UK's cheapest supermarket revealed

·Finance Reporter, Yahoo Finance UK
·2-min read
UK's cheapest supermarket revealed
Prices went up 3.4% on average across all the supermarkets between January and December 2021. Photo: Hannah McKay/Reuters

Aldi been named the UK’s cheapest supermarket of the year, according to the latest analysis from consumer group Which?

Which? looked at the cost of everyday items such as bread, milk, and eggs across the UK’s eight major supermarkets throughout 2021.

Aldi came out on top over the course of the year. Its prices beat rival Lidl’s for six of the 12 months and tied with them for one. In January 2021, a basket of 19 items cost £18.45 ($25.09) at both discounters.

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Lidl, winner of the cheapest supermarket title for 2020, had the best prices for only five months of last year. In December, shoppers were paying £23.29 for a basket of 22 groceries at Lidl, 35p less than at Aldi, where the basket was £23.64.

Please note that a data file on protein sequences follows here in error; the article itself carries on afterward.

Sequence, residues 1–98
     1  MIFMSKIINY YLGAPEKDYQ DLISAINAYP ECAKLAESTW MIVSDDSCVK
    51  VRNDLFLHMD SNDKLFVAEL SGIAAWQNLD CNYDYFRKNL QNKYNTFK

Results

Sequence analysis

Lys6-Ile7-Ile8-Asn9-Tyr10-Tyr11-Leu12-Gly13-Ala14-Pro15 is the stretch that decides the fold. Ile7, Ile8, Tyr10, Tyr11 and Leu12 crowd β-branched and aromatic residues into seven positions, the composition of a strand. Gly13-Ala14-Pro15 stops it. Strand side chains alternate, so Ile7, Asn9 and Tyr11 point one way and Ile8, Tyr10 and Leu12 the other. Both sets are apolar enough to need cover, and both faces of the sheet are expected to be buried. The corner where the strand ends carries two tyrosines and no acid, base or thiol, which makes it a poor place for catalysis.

The items cost £9 less than the priciest supermarket, Waitrose, which was charging £32.85 for an equivalent basket of groceries.

Asda was the cheapest of the "big four" supermarkets and has been for every month for the last two years.

The analysis also revealed that prices had risen significantly over the course of the last 12 months.

Some own-brand grocery items rose more in price than others across all eight supermarkets. The biggest increases among items in Which?’s basket were for Royal Gala apples (up 14%), free-range eggs (up 12%), brown onions (up 11%), skimmed milk (up 10%) and semi-skimmed milk (up 9%).

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Prices went up 3.4% on average across all the supermarkets between January and December 2021. For the same trolley of 19 items, Waitrose prices jumped the most (9.2%), and Sainsbury’s (SBRY.L) the least (0.59%).

Lidl shoppers saw a 5.13% price increase and Aldi prices were up 4.32%. Asda customers paid 2.89% more over the course of 2021. Prices at Morrisons rose 2.50% on average, Ocado (OCDO.L) prices were up 1.62% and Tesco (TSCO.L) was 0.89% more expensive.

“No one wants to overpay for basic groceries, especially when a cost of living crunch is putting extra pressure on household budgets,” Ele Clark, Which? retail editor, said.

“Our findings show that while prices are going up, some supermarkets are passing their rising costs onto shoppers more than others. As well as choosing a supermarket that is cheap overall, other ways to save include swapping from branded to own-brand products, sticking to a shopping list and resisting the temptation to pick up special offers you don’t need."

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